Baikonur Cosmodrome Site 81

Launchpad used by Roscosmos, primarily for Proton rockets / From Wikipedia, the free encyclopedia

Site 81 at the Baikonur Cosmodrome is a launch site used, along with Site 200, by Proton rockets. It consists of two launch pads, areas 23 and 24. Area 24 is used for Proton-K and Proton-M launches, while Area 23 is inactive.

Quick facts: Launch site, Operator, Total launches, Launch...
Site 81
A Proton-K with the Zvezda Service Module of the International Space Station during launch from LC-81/23.
Launch siteBaikonur Cosmodrome
OperatorRVSN, VKS, RKA
Total launches195
Launch pad(s)2
Orbital inclination
49° – 99°
Site 81/23 launch history
First launch16 July 1965 (1965-07-16)
UR-500 / Proton 1
Last launch27 March 2004
Proton-K/DM-2 / Globus No.17L
UR-500 (retired)
Proton-K (retired)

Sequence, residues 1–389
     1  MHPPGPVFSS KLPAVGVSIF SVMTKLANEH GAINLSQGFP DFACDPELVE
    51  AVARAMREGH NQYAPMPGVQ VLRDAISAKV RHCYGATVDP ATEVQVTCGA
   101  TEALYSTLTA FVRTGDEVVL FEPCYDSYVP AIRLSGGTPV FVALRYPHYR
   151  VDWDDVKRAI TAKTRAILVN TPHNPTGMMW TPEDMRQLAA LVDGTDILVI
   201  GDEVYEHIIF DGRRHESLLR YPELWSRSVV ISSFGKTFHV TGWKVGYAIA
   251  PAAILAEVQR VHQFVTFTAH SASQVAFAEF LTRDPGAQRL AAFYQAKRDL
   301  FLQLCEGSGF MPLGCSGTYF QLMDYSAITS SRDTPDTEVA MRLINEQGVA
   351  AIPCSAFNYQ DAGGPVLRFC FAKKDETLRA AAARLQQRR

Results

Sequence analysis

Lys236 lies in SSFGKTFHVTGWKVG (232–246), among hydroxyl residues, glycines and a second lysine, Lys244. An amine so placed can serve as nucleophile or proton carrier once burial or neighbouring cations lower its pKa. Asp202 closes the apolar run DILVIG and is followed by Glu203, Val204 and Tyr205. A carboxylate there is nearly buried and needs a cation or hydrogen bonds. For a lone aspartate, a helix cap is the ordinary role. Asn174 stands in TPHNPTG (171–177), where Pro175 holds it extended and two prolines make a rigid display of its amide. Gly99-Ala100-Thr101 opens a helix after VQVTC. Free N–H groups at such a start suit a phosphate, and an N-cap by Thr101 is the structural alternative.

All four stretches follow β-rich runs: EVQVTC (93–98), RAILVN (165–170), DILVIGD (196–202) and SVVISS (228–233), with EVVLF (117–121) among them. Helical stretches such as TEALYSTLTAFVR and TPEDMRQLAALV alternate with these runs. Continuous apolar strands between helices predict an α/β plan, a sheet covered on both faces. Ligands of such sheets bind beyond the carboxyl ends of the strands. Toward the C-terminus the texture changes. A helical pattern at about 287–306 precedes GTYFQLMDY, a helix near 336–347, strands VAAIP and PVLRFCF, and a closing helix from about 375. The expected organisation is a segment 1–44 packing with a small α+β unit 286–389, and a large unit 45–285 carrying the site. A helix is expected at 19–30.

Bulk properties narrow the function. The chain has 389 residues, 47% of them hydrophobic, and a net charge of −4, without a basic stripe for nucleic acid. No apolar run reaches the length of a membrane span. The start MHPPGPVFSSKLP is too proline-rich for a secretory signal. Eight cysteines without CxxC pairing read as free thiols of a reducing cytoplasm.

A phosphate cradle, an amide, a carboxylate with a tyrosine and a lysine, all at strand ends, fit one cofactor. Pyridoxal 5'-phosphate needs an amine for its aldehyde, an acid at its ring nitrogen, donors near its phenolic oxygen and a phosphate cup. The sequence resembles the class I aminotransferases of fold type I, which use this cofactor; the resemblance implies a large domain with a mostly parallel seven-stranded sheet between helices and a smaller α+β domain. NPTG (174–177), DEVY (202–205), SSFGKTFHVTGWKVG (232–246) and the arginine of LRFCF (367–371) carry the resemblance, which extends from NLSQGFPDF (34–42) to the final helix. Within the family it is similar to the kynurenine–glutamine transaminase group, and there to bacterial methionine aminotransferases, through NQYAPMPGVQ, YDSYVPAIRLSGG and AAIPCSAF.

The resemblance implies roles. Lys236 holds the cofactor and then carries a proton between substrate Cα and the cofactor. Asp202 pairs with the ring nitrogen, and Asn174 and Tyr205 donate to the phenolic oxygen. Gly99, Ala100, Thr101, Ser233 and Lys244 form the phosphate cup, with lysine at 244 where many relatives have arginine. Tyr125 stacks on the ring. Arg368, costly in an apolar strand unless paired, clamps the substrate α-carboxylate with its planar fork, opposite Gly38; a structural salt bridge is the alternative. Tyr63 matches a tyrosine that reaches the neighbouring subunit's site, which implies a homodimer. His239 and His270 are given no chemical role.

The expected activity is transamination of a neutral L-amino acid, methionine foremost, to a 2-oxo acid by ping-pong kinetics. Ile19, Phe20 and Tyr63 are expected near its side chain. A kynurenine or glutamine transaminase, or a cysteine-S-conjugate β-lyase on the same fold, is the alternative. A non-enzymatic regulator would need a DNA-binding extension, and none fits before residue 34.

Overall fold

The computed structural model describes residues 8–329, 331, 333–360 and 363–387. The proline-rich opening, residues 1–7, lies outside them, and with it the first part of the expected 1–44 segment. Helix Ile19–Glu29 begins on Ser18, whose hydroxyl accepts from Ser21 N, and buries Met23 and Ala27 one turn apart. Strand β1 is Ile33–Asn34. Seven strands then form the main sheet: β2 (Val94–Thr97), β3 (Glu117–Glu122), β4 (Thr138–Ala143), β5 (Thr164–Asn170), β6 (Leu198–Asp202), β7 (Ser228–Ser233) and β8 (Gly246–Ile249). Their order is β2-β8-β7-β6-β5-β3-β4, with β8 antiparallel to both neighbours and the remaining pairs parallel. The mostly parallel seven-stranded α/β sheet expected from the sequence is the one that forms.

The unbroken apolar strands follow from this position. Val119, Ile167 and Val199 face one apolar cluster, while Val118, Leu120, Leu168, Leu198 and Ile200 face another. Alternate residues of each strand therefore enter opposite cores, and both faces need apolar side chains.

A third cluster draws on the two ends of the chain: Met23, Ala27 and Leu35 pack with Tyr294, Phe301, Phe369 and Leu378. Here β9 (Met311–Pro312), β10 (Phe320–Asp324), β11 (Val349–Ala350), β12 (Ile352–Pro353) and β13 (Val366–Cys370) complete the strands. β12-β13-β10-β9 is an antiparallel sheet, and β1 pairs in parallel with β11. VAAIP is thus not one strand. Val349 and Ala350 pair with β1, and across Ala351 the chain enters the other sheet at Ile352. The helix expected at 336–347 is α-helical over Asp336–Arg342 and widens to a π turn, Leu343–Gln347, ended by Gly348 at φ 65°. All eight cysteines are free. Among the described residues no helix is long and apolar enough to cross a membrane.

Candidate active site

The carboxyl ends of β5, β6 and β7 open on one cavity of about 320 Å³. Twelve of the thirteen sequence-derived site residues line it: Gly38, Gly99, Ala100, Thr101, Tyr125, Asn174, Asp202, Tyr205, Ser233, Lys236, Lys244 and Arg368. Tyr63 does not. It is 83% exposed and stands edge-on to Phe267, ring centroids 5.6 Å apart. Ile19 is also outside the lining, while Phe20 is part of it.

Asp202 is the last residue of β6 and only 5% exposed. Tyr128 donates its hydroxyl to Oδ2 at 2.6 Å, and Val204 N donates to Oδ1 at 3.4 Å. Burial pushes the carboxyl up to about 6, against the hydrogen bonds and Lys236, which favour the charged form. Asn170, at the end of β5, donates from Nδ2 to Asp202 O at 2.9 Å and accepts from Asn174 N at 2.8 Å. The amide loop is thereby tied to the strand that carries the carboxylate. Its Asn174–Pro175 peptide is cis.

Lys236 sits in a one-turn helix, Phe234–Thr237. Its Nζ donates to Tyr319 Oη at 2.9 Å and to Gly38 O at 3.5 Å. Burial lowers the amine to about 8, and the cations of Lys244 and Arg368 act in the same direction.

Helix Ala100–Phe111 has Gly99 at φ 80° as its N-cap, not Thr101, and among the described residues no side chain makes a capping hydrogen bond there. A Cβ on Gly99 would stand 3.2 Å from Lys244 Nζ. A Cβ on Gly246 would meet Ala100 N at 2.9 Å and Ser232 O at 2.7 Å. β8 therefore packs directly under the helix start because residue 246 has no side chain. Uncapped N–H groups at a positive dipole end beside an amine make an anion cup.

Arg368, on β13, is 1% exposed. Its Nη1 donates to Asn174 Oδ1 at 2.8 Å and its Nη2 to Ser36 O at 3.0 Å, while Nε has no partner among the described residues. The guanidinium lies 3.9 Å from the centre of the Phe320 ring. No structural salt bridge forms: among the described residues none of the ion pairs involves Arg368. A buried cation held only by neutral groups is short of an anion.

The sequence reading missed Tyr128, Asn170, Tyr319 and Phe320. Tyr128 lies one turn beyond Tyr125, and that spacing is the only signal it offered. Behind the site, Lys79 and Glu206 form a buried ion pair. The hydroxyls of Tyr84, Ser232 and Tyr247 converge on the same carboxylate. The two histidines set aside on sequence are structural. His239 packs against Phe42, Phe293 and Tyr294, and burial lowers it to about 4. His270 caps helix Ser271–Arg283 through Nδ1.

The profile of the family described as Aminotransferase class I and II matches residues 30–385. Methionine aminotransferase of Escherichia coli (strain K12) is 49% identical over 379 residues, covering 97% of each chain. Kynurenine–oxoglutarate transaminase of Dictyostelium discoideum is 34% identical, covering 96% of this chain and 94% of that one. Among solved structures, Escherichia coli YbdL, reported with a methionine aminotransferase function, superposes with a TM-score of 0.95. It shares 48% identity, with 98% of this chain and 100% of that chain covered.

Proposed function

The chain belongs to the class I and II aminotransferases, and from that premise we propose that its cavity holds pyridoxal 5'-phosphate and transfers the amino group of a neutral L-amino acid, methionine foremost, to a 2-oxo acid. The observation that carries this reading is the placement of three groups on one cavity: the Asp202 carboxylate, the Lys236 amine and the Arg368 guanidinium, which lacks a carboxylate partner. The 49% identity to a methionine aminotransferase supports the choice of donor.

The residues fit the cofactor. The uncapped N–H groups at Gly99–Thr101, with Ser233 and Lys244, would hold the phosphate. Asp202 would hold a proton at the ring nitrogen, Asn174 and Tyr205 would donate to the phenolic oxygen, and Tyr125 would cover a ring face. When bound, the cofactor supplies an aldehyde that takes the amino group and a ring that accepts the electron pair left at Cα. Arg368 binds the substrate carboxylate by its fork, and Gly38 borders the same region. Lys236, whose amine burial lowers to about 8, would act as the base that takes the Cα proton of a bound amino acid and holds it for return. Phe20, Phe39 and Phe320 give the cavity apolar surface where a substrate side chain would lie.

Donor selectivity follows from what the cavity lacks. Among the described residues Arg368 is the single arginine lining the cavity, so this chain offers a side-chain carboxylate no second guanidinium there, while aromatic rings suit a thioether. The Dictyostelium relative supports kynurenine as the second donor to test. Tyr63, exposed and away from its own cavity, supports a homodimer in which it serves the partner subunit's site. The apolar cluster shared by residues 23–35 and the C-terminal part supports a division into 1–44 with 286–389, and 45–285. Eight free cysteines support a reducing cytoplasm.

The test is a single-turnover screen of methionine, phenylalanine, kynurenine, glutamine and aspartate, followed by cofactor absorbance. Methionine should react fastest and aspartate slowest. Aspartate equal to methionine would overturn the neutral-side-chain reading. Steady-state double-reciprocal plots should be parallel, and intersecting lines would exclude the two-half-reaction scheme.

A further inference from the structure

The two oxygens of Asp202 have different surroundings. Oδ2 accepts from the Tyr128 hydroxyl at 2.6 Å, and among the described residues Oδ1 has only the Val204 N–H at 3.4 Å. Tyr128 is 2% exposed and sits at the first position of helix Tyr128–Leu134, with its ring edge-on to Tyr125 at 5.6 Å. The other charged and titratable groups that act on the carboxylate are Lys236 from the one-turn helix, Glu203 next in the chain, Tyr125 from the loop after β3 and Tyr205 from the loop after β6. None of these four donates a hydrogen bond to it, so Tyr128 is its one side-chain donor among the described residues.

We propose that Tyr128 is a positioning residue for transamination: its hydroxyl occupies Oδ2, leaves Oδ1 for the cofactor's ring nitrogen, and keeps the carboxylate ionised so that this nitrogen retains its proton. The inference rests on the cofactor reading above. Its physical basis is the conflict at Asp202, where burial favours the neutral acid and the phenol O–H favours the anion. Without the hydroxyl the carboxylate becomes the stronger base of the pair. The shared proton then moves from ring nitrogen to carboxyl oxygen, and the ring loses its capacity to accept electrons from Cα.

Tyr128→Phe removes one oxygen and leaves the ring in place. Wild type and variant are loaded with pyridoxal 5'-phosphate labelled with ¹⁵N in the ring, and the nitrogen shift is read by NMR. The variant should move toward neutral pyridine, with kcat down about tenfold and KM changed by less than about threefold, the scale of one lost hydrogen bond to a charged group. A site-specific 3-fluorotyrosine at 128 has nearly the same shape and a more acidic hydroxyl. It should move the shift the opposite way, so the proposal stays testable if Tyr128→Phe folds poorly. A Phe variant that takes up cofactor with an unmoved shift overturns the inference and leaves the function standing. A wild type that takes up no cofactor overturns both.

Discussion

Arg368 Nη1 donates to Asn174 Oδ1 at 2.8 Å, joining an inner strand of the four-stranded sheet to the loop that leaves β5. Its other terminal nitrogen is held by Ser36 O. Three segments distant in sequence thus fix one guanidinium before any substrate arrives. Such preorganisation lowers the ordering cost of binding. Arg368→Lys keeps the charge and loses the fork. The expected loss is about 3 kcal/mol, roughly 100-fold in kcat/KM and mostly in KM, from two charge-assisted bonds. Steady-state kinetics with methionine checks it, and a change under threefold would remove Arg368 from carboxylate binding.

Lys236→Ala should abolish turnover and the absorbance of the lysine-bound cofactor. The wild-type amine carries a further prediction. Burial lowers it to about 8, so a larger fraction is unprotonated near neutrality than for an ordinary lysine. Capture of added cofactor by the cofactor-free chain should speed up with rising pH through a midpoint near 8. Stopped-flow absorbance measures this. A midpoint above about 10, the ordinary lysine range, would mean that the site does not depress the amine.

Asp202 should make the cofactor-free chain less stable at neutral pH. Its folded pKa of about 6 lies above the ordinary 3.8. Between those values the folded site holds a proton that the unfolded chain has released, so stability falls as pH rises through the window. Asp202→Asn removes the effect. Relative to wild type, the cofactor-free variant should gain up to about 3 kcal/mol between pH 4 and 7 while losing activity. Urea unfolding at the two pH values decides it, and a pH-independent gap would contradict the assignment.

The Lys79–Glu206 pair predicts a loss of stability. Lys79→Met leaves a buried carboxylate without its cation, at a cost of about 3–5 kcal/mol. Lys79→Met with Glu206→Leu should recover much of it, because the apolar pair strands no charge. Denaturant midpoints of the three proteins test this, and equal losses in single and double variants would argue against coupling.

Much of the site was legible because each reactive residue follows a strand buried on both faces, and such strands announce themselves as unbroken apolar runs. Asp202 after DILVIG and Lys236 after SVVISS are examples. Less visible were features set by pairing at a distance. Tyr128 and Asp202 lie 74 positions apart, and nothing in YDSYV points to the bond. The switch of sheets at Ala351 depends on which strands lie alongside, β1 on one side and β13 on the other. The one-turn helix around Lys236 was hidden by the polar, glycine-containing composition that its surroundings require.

Site 81/24 launch history
First launch22 November 1967
Proton-K/D / Soyuz 7K-L1 No.5L
Last launch5 February 2023
Proton-M/DM-03 / Elektro-L №4
Proton-K (retired)
Proton-M (active)

Several planetary probes have been launched from Site 81. Area 23 was used to launch Mars 3, Mars 4, Mars 6 and Venera 11, whilst Area 24 was used by Mars 2, Mars 5, Mars 7, Venera 9, Venera 10 and Venera 12. Several Luna probes were also launched from both areas.

The Zarya and Zvezda modules of the International Space Station, as well as Salyut 2, 3 and 5, and the Spektr and Priroda modules of Mir, were launched from Area 23. Area 24 was used to launch Salyut 1, 4 and 6.

On 2 July 2013, a Proton-M/DM-03 launched from Site 81/24 carrying three GLONASS navigation satellites. Immediately after liftoff, the rocket began to pitch over, and rolled out of control. The rocket fell close to the launch pad and exploded, the extent of any damage to Site 81 or the Baikonur Cosmodrome is unclear.

On 25 February 2020, Roscosmos announced that Site 81/24 will be deactivated by late 2022 or early 2023; any remaining Proton-M launches on the manifest after that time will be transferred to Site 200/39.[1]

Oops something went wrong: